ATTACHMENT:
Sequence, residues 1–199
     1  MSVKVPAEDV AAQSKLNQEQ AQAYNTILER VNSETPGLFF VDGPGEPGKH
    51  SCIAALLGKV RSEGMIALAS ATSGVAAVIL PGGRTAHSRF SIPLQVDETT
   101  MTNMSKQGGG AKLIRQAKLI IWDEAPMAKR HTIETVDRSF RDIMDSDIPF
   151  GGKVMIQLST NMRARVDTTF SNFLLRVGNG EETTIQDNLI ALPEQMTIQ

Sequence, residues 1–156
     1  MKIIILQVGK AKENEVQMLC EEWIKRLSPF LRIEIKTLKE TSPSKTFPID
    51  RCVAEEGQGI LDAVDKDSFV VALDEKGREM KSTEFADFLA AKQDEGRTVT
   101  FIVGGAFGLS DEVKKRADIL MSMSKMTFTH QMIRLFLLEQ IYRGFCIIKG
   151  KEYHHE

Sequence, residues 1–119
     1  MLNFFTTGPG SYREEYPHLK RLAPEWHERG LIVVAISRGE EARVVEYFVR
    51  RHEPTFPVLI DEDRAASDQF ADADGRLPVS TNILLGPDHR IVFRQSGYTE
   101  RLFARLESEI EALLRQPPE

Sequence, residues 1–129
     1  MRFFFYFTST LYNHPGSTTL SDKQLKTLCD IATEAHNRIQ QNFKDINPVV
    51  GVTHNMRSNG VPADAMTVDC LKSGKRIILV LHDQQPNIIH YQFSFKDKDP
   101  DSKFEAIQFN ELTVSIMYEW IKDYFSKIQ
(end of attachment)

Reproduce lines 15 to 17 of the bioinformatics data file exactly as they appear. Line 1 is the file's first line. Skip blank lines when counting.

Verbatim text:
Sequence, residues 1–129
     1  MRFFFYFTST LYNHPGSTTL SDKQLKTLCD IATEAHNRIQ QNFKDINPVV
    51  GVTHNMRSNG VPADAMTVDC LKSGKRIILV LHDQQPNIIH YQFSFKDKDP